6) And John writes that murderers will have their part in the lake of fire (Revelation 21:8).

2. What about punishment for murder?

1) Under the New Covenant, the government is charged with judging such cases and executing such punishments.

2) Romans 13:4 “For [government] is the minister of God to thee for good. But if thou do that which is evil, be afraid; for he beareth not the sword in vain: for he is the minister of God, a revenger to execute wrath upon him that doeth evil.”

3) Paul professed to Festus, “For if I be an offender, or have committed any thing worthy of death, I refuse not to die…” (Acts 25:11).

4) Paul himself acknowledged the government’s authority to so punish him by death if he had committed such offenses worthy of death.

3. Can the sin of murder be forgiven?

1) Yes

2) Paul said that he gave his vote for death against Christians (Acts 26:10).

3) In 1 Timothy 1:13 Paul said that he was “before a blasphemer, and a persecutor, and injurious: but I obtained mercy, because I did it ignorantly in unbelief.”

4) Peter said in Acts 2 to those listening, “ye by the hand of lawless men did crucify and slay [Jesus]” (Acts 2:23).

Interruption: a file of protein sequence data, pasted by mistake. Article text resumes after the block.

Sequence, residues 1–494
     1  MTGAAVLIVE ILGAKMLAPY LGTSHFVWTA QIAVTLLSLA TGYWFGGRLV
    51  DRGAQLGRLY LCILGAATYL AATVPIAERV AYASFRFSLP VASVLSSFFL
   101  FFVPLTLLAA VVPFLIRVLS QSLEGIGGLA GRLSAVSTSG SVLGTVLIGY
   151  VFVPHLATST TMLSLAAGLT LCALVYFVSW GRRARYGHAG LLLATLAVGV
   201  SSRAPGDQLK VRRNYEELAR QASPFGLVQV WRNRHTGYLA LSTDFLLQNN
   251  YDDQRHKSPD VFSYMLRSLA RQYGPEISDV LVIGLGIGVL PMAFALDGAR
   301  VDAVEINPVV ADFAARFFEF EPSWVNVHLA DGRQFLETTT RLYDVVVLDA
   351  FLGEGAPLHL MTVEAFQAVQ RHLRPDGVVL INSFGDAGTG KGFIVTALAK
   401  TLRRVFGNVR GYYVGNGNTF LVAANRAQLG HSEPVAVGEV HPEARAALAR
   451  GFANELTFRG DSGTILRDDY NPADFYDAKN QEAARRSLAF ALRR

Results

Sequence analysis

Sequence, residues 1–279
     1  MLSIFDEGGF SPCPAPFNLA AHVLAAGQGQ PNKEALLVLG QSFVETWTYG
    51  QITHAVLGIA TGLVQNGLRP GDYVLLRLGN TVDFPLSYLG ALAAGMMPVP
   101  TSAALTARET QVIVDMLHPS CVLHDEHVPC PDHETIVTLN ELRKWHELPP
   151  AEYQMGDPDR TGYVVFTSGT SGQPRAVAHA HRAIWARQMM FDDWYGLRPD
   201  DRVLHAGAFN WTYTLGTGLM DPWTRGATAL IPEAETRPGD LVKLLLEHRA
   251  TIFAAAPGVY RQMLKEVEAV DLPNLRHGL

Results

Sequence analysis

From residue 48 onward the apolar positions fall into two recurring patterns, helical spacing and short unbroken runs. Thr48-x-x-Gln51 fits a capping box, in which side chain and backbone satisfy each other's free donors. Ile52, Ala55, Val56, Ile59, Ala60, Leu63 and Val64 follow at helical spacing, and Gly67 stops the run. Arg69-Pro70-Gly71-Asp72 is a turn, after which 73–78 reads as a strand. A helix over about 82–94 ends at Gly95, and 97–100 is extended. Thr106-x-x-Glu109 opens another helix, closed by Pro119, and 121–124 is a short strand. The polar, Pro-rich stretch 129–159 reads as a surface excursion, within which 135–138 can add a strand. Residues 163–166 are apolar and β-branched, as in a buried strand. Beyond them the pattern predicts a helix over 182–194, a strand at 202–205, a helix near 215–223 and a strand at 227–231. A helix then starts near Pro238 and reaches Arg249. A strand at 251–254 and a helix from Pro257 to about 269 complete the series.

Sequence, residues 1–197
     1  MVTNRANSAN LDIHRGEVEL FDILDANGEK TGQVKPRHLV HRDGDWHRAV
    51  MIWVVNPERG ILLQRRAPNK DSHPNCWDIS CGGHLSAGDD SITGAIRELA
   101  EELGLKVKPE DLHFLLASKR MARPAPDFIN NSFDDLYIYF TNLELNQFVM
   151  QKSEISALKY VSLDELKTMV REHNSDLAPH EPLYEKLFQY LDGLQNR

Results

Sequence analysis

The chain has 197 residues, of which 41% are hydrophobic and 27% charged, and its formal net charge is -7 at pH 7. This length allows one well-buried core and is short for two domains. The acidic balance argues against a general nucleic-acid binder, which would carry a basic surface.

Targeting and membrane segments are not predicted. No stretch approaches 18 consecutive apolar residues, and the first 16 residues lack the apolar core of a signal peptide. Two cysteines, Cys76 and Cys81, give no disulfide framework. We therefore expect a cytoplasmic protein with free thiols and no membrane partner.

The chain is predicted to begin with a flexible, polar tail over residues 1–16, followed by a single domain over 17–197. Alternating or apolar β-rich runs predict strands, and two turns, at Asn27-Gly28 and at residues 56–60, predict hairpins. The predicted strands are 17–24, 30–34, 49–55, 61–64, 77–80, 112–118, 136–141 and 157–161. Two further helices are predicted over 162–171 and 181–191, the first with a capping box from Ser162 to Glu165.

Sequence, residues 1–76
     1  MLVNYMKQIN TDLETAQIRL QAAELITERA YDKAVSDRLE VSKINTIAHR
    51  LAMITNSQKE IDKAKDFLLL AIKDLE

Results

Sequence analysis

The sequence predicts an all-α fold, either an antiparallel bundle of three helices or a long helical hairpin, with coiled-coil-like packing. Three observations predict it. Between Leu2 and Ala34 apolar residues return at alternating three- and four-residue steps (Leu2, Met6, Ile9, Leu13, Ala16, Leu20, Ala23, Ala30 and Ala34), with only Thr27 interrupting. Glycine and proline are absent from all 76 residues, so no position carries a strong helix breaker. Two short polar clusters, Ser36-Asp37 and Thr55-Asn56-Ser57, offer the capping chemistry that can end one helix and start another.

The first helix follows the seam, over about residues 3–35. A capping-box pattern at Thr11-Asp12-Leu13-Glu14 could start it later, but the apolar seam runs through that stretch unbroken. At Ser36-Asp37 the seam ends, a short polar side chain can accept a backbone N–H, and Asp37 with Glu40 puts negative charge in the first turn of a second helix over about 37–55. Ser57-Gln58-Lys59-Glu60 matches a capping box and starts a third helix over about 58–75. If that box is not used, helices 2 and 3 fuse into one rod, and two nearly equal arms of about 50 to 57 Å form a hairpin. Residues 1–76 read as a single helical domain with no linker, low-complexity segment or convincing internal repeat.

5) Nevertheless in Acts 2:38 he said, “Repent and be baptized … for the forgiveness of your sins.”

6) The one guilty of murder can be forgiven if he/she repents.

IV.  The Values Associated with the Sixth Commandment

1. What is the primary import of this command?

1) We must understand that God places great value upon innocent human life.

2) Proverbs 6:16-17 teaches that “hands that shed innocent blood” are one of the seven things that God hates.

3) God valued innocent life so greatly that those guilty were to pay with their own life.

4) He valued innocent life so greatly that those innocent were given a place to take refuge.

5) The commandments God gave along this line were to prevent them from shedding innocent blood.

6) We read in Deuteronomy 19:9-10 “If thou shalt keep all these commandments to do them, which I command thee this day, to love the LORD thy God, and to walk ever in his ways; then shalt thou add three cities more for thee, beside these three: That innocent blood be not shed in thy land, which the LORD thy God giveth thee for an inheritance, and so blood be upon thee.”

2. Today we must understand and respect the value of innocent life as well.

1) God is a God of life, not death.

2) He desires for man to have life (Deuteronomy 30:19).

3) Under Christ He gives eternal life (Romans 6:23).

4) He wants us to have an abundant life (John 10:10).

3. The sixth commandment teaches us the value of human life.


1. In this lesson we’ve looked at . . .

1) The VERB of the sixth commandment.

2) The VINDICATION inherent in the sixth commandment.

3) The VITALITY of the commandment today.

4) The VALUES associated with this commandment.

2. Invitation